Protocol on Eurasian Design Patents Ratified by Kyrgyzstan, Azerbaijan and Armenia

Oct 30 2020 - 14:33

On October 15, 2020, Kyrgyzstan deposited its instrument of ratification of the Protocol on the Protection of Industrial Designs to the Eurasian Patent Convention.

Azerbaijan and Armenia have ratified the Protocol by adopting laws on its ratification on May 5 and May 11, 2020 respectively, but so far Kyrgyzstan is the first Eurasian Patent Organization (EAPO) member state that has deposited its instrument of ratification with the Director General of the WIPO.

The Protocol was adopted by EAPO member states on September 9, 2019, introducing the Eurasian system of protection for industrial design patents, along with the already existing regional protection for inventions.

There are eight EAPO member states: Armenia, Azerbaijan, Belarus, Kazakhstan, Kyrgyzstan, Russia, Tajikistan and Turkmenistan. So far, the EAPO member states that have signed the Protocol are Armenia, Azerbaijan, Kazakhstan, Kyrgyzstan, Russia and Tajikistan, while the delegations of the remaining two members, Belarus and Turkmenistan, have announced the implementation of domestic procedures necessary for their participation in the Protocol.

The Protocol will enter into force for the first three states that have ratified or acceded to it three months after the third state deposits its instrument of ratification. In all other member states, the Protocol will enter into force three months after the state’s accession or deposit of its instrument of ratification.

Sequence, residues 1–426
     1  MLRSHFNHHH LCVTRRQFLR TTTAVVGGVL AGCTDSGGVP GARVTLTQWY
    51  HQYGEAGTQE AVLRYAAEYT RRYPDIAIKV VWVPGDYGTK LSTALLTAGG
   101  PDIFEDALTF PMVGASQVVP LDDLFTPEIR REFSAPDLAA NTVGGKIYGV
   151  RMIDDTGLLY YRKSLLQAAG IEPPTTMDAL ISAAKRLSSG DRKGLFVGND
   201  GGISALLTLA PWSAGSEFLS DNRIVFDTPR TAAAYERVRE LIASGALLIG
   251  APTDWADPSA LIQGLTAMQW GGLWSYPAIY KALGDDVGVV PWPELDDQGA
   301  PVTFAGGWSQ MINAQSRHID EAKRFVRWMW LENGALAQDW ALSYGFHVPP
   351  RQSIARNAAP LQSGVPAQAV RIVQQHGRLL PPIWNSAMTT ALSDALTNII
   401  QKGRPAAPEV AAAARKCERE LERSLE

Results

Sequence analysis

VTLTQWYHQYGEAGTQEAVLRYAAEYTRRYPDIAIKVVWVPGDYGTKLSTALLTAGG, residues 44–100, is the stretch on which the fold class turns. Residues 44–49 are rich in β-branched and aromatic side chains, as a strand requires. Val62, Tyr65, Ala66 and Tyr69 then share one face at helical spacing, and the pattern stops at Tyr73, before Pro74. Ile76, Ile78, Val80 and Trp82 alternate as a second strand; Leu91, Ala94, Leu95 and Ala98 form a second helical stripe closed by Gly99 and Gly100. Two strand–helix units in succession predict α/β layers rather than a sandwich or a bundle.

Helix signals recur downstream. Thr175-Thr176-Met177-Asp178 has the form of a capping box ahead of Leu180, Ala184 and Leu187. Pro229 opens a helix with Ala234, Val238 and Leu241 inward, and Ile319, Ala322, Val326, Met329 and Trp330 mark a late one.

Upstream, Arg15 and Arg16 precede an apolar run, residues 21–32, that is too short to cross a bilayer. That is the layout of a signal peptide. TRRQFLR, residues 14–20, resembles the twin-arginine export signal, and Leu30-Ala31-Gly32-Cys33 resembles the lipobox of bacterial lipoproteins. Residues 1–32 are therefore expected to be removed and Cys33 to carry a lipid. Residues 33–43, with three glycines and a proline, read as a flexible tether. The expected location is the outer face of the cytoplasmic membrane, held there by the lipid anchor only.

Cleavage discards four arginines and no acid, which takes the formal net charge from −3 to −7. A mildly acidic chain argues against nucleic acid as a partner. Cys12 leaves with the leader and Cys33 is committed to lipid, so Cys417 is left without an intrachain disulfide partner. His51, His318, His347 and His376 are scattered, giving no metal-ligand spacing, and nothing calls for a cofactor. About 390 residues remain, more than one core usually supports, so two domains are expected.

According to the Protocol, Eurasian design patent applications will be filed with the Eurasian Patent Office (EAPO) either directly or through the national patent office of an EAPO member state. All applicants will follow uniform examination requirements, use only the official language of the EAPO – Russian, and pay a uniform procedural fee. Once granted, Eurasian design patents will be valid for five years counting from the application filing date, and will be renewable for additional five-year periods up to four more times, so that the maximum term of protection does not exceed 25 years from the application filing date.

Prepared by: Anastasia Khioni

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Source: Eurasian Patent Organization website

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